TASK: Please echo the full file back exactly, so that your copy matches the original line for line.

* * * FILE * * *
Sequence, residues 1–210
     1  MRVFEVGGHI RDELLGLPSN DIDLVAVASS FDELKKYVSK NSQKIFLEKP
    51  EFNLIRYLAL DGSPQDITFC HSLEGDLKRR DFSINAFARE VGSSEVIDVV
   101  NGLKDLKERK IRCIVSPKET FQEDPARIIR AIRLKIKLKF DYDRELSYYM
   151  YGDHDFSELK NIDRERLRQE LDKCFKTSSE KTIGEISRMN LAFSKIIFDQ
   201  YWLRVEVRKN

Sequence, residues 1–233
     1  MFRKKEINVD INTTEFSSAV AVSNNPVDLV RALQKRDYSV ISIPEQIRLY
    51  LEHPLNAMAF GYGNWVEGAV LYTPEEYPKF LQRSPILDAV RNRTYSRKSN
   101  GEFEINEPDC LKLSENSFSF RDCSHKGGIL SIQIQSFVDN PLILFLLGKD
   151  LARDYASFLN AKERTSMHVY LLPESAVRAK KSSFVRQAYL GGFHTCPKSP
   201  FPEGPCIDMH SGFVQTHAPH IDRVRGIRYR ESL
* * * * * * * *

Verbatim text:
Sequence, residues 1–210
     1  MRVFEVGGHI RDELLGLPSN DIDLVAVASS FDELKKYVSK NSQKIFLEKP
    51  EFNLIRYLAL DGSPQDITFC HSLEGDLKRR DFSINAFARE VGSSEVIDVV
   101  NGLKDLKERK IRCIVSPKET FQEDPARIIR AIRLKIKLKF DYDRELSYYM
   151  YGDHDFSELK NIDRERLRQE LDKCFKTSSE KTIGEISRMN LAFSKIIFDQ
   201  YWLRVEVRKN

Sequence, residues 1–233
     1  MFRKKEINVD INTTEFSSAV AVSNNPVDLV RALQKRDYSV ISIPEQIRLY
    51  LEHPLNAMAF GYGNWVEGAV LYTPEEYPKF LQRSPILDAV RNRTYSRKSN
   101  GEFEINEPDC LKLSENSFSF RDCSHKGGIL SIQIQSFVDN PLILFLLGKD
   151  LARDYASFLN AKERTSMHVY LLPESAVRAK KSSFVRQAYL GGFHTCPKSP
   201  FPEGPCIDMH SGFVQTHAPH IDRVRGIRYR ESL